Chomsky, too, invokes the 18th century and the drastic changes that took place when the Charter of the Forest “had fallen victim of the commodity economy and capitalist practice and moral culture.” He cites this turn as responsible for the famous “tragedy of the commons,” the idea that individual avarice will destroy that which is not privately owned. Peter Linebaugh observes, “The Forest Charter was forgotten or consigned to the gothic past,” and thus no longer were the commons protected for the sake of what Chomsky identifies as “cooperative nurturing and use.” That which could not be privatized effectively restricted the rights of common folk, and Chomsky claims that this category “continues to shrink, to virtual invisibility” today. Indeed, capitalist development has radically retooled and revised both the treatment and the conception of the commons, and for Chomsky, Garrett Hardin captures today’s predominant view in his argument that “freedom in a commons brings ruin to all.”
Despite Hardin’s prevailing pro-private property argument, there are many 21st-century global efforts that take aim at capitalism and capitalist development, which forever privatizes the commons and marginalizes those who might otherwise benefit from them. Of course, there are myriad reasons why so many global citizens despise and actively seek the overthrow of capitalism. In December 2014 and January 2015, the Festival of Rebellion and Resistance Against Capitalism, for example, worked its way through Mexico largely thanks to organizational efforts by the Zapatista Army of National Liberation (EZLN) and the National Indigenous Congress (CNI)—“a federation of indigenous communities in resistance around the country,” as Patrick Weiniger and Lourdes García Larqué write. On day one of the event, many people contributed new accounts of the problems that capitalism causes in their local nexus. Two main themes emerged: dispossession and repression, two key implements of capitalism. Mexico certainly is no stranger to the ravages of capitalism, and Zapatistas as well as wider networks of Mexico’s indigenous resistance have persevered for more than twenty impressive years. Different mass struggles yet emerge, and despite repressive and murderous efforts, government there has failed to silence these very important voices.
With the creative power of capital to bolster the cause of the few and propel it, though, some earnestly ask what relevance do indigenous and marginalized voices have. Why listen to their nightmare tales of capitalism, that is, if superficially it seems a moot point, if the rich and powerful grow more so by it, if the “bargain-sale” price of global capitalism is so easy and attractive? Well, if the collapse of financial markets in 2008 was not proof enough that the capitalist cancer spreads, and alarmingly so, the plutocracy itself now expresses concerns about current monetary policies that engender enormous financial bubbles that threaten the vitality of the system. Mouthpieces for the global 1% now sound the alarm about the likely disastrous consequences that indigenous (as well as other) groups have denounced for so long. The head of the Reserve Bank of St. Louis, for example, warns of a an asset price bubble that could potentially “blow up out of control.” The US stock market clearly enters a situation comparable to patterns such as those of 1929, 2000, and 2007—years in which an economic crash loomed on the global financial horizon. Nevertheless, multi-trillion dollar financial markets continue to operate on what began as a criminal venture almost a century ago. Not for these reasons alone do indigenous voices matter, but ruling elites also and ironically warn of capitalism’s disastrous trajectory.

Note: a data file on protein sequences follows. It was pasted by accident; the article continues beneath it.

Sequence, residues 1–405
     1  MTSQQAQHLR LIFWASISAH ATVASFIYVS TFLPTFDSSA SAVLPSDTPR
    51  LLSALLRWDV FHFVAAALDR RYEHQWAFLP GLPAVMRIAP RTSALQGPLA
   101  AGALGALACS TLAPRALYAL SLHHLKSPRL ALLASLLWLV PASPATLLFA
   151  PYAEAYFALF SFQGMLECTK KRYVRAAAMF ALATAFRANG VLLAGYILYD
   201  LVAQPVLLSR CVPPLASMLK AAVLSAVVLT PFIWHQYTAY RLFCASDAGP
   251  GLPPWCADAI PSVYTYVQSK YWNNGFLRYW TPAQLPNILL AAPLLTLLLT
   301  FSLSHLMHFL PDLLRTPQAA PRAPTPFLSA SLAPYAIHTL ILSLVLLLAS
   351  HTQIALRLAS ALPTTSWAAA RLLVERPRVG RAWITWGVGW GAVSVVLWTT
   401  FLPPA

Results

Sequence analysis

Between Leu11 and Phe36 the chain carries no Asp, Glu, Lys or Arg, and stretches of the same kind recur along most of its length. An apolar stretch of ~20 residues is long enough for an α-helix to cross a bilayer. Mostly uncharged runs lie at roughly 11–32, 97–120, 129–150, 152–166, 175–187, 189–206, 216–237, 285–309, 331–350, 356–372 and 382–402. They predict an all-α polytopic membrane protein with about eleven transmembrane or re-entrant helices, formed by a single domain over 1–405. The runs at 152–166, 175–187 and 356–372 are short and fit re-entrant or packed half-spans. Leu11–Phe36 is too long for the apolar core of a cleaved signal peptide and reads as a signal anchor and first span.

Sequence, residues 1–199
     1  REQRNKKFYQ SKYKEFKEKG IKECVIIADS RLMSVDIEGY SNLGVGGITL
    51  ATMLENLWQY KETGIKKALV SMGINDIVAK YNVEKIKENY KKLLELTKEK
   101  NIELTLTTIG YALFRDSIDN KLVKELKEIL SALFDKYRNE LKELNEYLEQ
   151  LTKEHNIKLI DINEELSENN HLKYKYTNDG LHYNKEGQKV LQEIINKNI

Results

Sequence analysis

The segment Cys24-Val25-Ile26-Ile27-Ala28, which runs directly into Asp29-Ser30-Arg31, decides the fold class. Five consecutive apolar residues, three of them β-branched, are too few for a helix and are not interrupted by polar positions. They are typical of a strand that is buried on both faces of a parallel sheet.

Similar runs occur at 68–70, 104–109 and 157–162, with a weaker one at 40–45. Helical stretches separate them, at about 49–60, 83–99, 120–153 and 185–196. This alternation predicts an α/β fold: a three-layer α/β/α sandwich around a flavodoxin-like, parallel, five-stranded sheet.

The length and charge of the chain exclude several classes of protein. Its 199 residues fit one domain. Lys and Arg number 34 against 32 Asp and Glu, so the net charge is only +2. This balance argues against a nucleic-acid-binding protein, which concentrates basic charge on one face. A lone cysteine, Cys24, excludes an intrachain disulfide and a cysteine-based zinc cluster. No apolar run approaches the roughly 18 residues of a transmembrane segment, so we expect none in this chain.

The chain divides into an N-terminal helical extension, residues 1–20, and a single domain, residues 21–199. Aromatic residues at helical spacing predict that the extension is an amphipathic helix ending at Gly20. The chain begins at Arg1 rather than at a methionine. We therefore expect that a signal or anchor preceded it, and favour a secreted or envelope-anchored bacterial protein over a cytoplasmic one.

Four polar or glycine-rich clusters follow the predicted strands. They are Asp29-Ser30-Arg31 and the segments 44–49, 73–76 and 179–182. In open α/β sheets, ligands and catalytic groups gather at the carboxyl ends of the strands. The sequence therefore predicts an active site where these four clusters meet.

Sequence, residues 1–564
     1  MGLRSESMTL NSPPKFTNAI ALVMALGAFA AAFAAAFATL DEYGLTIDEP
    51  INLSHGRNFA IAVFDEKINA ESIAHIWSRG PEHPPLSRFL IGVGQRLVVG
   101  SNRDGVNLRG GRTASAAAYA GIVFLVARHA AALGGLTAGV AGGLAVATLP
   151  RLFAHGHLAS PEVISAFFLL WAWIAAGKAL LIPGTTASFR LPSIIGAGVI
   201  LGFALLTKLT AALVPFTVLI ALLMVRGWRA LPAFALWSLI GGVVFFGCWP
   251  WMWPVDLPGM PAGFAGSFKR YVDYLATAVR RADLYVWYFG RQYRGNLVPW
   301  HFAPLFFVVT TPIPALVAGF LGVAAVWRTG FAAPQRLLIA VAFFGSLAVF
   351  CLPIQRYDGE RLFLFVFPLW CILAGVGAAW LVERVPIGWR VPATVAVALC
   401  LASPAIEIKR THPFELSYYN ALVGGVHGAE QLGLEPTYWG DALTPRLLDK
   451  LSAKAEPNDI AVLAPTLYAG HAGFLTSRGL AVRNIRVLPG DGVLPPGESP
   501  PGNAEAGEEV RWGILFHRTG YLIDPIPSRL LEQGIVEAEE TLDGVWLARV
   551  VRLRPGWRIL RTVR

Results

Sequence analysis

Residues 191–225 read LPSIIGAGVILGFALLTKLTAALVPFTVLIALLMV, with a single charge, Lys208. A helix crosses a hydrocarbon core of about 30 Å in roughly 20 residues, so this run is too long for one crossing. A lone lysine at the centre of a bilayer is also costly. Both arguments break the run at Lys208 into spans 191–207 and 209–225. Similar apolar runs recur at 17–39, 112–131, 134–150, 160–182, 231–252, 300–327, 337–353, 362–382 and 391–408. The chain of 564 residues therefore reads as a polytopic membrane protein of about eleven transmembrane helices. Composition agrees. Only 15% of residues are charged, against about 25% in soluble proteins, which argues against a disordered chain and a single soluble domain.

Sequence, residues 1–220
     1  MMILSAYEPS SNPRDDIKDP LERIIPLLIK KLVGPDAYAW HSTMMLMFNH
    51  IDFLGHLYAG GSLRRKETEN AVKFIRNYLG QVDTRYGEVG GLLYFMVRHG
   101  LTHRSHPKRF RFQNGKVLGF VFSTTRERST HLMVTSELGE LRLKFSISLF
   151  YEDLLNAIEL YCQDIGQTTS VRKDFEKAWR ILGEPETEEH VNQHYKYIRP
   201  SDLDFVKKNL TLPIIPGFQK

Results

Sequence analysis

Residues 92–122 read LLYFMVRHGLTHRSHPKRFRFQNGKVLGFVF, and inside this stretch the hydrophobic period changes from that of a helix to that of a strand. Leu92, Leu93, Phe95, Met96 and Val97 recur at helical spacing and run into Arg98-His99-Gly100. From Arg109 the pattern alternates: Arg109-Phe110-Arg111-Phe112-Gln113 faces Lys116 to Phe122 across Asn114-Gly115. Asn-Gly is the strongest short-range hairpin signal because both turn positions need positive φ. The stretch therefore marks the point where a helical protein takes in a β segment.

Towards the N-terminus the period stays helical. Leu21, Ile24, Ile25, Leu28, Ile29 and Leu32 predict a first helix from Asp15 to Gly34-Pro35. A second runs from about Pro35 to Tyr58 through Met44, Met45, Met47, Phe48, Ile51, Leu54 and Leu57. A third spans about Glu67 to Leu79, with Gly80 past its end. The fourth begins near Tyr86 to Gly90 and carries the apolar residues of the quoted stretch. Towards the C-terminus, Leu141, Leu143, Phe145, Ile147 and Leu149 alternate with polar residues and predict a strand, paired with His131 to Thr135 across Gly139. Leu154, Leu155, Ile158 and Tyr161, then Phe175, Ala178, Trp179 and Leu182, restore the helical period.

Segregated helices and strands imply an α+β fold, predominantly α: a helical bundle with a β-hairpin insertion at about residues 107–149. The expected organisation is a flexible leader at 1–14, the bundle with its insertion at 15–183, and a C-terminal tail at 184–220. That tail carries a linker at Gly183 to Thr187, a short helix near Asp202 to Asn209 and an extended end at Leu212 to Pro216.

There are other indicators of economic contraction, including lowered manufacturing activity in China and failure in British consumer prices to rise. New orders, export orders, employment, and also output prices have all experienced decline. Even the European Central Bank admits that injecting one trillion Euros into financial markets over an 18-month period would not up employment in the future. And yet, the corporate and financial oligarchy continues to enrich itself at the expense of the working class that is subject to an unflagging austerity assault everywhere within the capitalist system. Rather than working to change this system, which would not be in the ruling elites’ self-interest, the international consortium of financial puppet-masters rather conspire to offset total market destruction with smaller crises at the expense of the world’s most vulnerable human beings. Perhaps as many afflicted voices and voices of resistance would therefore agree that “saving capitalism from itself” is not the solution to US global parasitism, criminal wealth appropriation, and an utterly bankrupt profit system. No longer does the strength of US capitalism fuel a boost for productive forces and methods that once sent ripples through a globalized economy. So, many have argued that the remedy for the historic crisis of capitalism is international socialism. If this is true, then that socialism surely must be ecosocialism.
Mateo Pimentel lives on the Mexican-US border. You can follow him on Twitter @mateo_pimentel, or read more at www.guerrillaprose.info.